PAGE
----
By Brenda Crispin…
This week we are going to continue the grooming/handling series and discuss brushing your dog. As with many other items there are different ways to brush a dog but the most important thing to remember is to make it pleasurable for the dog. If done gently and calmly your dog will relax and be still while being brushed. Brushing your dog regularly does more than remove hair. It also works with the natural essential oils in your dogs skin to aid hair growth and shine. This is also a great time to see how the skin looks. Are there any lumps or bumps, dander, is the skin red or are there any sores?
How often to brush?
There are several variables that affect how often brushing should be done. With puppies, they do not shed much as they have the fluffy puppy coat. Puppies shed their first coat between 4-6 months. Even though they do not shed this is the time where we take our time and get the dog to become adjusted to the process of grooming. This will be the set foundation for the rest of their lives. Most puppies enjoy the attention and touch from humans so take this time to make brushing pleasurable for your dog. I brush the puppies 2-3 times a week. Go slow and take your time. As the dogs get older you can brush once a week. The exception here is during typical shedding seasons. Shedding their hair causes itching and scratching, hot spots, and LOTS of hair on your floor and furniture. During these times spending a little time daily will be a benefit to you, your home, and the dog. Doing a good heaving brushing before bathing helps keep large amounts of hair from coming out while in the tub.
What tools should I use?
There are so many options when it comes to brushing your dog. I am going to discuss each one in the picture below briefly. It is difficult to cover everything as we get different types of breeds of dogs and brush requirements can change by breed. This will be a general guideline.
A: Wire Slicker Brush
B: Short haired Rake
C: Narrow Tooth Comb
D: Wide Tooth Comb
E: Nail Clippers
F: Bristle Brush
G: Rubber Zoom Groom
I like to use the rubber zoom groom(G) or the bristle brush (F) with the puppies as they are the most gentle and almost massage like brushes to start with. As the dog becomes accustom to the procedure of being brushed you can move to the slicker brush (A) and the short hair rake (B). Be careful with both of them not to push too hard and scrape the skin. Both are great at removing dead hair. My favorite is the rake. I like the wide rounded teeth compared to the metal ones on the slicker brush. Use the one you and your dog are comfortable with. Once you have brushed the dog you can use the combs (C, D) to assure there are not tangles. The narrow toothed comb © is another great tool to get a large amounts of dead hair off your dog.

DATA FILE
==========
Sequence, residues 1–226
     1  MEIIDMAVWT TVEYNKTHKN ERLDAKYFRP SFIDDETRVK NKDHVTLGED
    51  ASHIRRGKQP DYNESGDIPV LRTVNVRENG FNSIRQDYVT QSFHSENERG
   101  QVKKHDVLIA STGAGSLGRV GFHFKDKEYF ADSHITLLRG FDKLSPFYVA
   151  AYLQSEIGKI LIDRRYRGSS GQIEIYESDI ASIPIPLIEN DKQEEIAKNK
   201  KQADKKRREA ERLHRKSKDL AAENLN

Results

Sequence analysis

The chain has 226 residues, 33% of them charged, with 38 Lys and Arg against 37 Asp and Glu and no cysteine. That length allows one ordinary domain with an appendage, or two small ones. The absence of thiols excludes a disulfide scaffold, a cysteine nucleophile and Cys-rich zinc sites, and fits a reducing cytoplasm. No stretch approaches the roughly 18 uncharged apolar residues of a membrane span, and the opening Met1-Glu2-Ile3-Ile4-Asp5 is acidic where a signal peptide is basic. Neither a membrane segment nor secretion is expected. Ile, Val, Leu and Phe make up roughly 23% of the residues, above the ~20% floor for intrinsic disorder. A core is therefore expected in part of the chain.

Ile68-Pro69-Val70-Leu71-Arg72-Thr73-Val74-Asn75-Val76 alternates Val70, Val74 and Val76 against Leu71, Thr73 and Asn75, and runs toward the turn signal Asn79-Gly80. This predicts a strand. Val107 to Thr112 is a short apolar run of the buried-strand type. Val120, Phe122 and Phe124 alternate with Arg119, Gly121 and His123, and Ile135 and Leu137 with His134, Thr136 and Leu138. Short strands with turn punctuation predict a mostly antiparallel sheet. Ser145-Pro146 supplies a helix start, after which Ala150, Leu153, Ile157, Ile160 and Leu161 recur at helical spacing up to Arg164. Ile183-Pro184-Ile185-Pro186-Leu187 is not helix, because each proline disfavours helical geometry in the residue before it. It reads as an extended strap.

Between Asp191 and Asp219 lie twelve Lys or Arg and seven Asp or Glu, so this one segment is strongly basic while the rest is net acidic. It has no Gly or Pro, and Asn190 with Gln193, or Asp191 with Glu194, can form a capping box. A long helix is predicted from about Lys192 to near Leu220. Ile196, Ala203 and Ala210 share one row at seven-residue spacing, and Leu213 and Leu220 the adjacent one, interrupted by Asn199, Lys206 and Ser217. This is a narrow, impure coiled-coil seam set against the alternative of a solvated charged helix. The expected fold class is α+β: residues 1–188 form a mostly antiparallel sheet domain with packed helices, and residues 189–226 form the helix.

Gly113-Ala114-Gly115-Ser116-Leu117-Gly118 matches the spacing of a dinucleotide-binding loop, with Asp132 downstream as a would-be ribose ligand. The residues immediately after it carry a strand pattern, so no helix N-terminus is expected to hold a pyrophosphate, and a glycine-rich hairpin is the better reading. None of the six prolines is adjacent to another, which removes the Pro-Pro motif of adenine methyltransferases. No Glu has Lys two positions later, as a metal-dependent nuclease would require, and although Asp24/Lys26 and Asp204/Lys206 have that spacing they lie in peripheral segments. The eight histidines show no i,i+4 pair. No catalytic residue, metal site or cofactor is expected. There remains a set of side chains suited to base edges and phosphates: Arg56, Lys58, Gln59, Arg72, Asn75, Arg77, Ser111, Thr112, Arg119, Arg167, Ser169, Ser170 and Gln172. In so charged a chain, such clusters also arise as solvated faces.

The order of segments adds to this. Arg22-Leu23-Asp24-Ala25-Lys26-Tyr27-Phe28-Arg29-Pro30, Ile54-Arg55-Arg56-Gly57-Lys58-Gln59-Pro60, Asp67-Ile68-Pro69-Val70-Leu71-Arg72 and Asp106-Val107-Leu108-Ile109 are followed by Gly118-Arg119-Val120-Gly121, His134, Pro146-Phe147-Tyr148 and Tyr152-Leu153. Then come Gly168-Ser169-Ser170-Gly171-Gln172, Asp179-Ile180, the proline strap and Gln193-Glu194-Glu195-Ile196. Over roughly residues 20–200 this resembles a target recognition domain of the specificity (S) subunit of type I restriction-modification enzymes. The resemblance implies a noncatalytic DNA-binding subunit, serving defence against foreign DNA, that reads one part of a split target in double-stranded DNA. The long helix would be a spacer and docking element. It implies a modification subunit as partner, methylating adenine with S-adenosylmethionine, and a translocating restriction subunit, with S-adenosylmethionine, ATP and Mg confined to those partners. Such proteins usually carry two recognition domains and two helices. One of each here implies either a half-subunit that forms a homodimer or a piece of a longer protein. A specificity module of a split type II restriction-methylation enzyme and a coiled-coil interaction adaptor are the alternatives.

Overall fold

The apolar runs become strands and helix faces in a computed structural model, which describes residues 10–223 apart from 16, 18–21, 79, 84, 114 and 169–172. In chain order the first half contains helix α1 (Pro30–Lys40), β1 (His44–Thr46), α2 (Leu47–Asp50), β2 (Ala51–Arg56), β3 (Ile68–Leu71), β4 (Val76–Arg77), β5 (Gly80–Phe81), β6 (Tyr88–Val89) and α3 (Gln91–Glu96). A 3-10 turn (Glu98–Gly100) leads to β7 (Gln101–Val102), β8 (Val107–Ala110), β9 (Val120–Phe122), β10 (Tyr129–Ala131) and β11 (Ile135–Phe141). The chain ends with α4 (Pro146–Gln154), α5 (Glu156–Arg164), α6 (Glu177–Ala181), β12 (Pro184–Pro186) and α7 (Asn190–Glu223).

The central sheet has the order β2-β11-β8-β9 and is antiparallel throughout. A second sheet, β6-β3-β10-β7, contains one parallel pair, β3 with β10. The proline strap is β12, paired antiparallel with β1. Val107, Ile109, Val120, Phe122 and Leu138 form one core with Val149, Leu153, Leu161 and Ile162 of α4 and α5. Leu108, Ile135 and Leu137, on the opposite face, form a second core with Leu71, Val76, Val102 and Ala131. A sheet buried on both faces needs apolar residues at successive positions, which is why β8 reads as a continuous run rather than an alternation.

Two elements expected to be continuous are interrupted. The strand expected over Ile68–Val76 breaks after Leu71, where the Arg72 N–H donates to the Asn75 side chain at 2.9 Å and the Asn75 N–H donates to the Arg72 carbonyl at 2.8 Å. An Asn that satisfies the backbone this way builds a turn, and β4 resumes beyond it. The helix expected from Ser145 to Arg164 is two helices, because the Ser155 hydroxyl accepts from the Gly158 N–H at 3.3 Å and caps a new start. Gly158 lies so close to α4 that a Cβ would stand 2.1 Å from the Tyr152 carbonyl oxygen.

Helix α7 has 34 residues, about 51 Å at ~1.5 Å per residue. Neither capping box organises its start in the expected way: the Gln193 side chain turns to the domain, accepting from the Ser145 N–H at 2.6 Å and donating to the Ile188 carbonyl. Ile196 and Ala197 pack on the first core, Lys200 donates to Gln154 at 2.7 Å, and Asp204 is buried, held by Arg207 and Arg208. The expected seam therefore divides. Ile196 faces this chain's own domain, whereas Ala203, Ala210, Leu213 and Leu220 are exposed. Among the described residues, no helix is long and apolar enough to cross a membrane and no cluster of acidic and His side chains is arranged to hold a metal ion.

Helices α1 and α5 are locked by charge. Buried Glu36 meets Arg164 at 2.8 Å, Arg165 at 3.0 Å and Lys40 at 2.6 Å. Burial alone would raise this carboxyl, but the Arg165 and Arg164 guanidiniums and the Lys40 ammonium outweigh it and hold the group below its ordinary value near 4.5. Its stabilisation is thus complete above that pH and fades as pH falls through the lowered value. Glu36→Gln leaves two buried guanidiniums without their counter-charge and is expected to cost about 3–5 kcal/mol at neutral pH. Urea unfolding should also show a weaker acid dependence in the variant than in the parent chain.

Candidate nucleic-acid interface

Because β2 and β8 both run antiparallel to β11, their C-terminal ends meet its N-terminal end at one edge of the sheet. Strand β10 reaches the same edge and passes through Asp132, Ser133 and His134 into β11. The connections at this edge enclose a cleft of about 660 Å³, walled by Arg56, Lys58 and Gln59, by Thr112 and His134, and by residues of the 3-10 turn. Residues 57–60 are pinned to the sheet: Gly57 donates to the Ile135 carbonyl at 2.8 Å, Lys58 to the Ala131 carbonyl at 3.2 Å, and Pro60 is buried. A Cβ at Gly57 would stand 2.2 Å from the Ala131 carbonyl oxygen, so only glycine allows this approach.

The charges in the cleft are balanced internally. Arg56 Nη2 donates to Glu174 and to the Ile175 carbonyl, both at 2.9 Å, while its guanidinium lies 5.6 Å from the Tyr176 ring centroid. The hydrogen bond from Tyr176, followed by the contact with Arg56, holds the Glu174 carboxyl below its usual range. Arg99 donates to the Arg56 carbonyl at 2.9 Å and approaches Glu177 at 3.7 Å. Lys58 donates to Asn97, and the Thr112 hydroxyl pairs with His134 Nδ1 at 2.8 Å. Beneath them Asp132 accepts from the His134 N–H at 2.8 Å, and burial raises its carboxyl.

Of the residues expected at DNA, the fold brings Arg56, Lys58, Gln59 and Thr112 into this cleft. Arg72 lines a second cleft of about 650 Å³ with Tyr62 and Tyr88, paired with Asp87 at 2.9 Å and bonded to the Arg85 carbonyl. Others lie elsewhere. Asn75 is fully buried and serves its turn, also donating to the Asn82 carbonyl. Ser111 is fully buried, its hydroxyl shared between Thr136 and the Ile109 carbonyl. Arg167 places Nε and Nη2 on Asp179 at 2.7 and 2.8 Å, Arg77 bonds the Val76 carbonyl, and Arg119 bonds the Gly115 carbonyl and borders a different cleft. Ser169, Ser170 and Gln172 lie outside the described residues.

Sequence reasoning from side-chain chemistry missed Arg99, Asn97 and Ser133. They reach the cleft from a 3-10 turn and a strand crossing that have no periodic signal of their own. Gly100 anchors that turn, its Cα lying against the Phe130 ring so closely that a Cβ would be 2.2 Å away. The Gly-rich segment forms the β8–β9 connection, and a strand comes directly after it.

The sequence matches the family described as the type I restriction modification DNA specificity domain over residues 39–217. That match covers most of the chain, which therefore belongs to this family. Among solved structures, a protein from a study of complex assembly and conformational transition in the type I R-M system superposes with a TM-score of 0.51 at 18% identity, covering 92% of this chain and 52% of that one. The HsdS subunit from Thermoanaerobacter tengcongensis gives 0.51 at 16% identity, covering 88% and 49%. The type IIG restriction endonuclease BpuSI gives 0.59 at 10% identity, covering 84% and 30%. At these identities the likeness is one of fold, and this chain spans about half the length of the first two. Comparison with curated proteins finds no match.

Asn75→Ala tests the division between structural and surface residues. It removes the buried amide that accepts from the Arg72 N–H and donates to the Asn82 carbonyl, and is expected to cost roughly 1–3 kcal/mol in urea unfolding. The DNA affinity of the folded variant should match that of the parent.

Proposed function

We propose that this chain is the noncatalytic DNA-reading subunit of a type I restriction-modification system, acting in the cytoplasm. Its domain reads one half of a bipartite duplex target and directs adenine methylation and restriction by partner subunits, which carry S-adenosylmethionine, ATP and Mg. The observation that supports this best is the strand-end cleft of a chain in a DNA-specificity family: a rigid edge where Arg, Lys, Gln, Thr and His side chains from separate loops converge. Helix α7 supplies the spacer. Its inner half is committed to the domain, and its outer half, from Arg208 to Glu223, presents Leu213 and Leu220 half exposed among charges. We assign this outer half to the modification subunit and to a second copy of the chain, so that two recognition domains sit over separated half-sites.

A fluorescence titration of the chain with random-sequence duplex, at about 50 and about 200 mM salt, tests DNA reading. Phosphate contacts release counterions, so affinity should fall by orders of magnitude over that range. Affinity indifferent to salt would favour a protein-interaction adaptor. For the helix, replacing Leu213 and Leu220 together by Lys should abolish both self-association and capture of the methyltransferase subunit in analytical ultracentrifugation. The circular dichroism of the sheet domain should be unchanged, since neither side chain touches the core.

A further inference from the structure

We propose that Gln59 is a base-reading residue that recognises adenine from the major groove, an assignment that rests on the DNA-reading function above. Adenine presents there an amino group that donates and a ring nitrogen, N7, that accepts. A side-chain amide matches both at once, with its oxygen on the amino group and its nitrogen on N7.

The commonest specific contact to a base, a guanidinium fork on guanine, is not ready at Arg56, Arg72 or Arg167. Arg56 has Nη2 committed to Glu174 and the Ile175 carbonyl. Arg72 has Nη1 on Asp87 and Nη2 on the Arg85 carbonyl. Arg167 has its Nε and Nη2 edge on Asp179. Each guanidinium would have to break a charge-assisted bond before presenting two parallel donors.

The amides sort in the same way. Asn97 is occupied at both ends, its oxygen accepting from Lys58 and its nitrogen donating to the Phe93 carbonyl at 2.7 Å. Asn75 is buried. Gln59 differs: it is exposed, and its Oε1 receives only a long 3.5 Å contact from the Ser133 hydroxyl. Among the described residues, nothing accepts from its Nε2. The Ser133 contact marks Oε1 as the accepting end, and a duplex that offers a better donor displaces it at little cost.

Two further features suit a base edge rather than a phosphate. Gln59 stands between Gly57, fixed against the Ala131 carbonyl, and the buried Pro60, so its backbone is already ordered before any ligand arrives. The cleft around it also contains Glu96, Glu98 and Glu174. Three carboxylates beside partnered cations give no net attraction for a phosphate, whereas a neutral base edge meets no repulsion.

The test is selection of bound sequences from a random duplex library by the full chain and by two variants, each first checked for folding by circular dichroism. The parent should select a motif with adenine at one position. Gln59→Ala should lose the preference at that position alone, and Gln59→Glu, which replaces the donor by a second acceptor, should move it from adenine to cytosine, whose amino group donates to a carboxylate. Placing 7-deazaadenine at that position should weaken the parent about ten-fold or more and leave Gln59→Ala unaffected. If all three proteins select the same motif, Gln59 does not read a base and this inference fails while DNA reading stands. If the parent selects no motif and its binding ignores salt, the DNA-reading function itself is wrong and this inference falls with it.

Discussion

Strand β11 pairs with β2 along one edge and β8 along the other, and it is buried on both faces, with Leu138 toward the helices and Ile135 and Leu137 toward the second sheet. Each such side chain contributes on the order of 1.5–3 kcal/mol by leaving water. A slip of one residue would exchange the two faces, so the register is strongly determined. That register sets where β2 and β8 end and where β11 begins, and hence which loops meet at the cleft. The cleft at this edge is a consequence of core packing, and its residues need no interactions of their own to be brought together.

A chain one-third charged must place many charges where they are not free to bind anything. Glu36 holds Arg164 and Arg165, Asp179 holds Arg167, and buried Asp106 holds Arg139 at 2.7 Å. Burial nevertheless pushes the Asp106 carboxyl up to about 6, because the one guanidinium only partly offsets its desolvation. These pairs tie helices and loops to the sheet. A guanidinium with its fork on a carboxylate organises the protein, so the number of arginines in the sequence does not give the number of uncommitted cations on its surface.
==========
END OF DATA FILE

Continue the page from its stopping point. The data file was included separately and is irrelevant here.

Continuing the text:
My dogs normally start standing while I brush and as they become relaxed will eventually lay down on one side or the other. This is not a time for a lot of cue’s to be used. If you can start the brushing in the position the dog is already in and work with your dog I would start there. If we add lots of cue’s at this time it can add to the stress and anxiety around grooming. I like to start the brushing procedure around the back of the neck and down the back first. I will do a few strokes with the brush and then a couple slow strokes with my hand. Then repeat. Don’t be in a rush. If your dog moves away give him/her a moment before starting again. After the back, I move to the hips and tail. You will find a lot of hair comes out of these areas. I like to save the legs, head, and stomach for last. These are the most sensitive areas so if I have done the back and other areas right they are more relaxed and will accept brushing in these areas. I think using the rubber zoom groom (G) or one of the combs (C,D) are more efficient in these areas. As with the back I will rotate my hand in a slow petting procedure now and then.
As always I like to hear your feedback and processes. It is great to share with each other as well. If you are on our closed Facebook site (Puppy Raisers for Summit) feel free to start a communication on how you groom the dogs and what works for you. We can learn so much by sharing experiences and knowledge with each other.
Thank you all so much. Next week will be all about bathing your dog.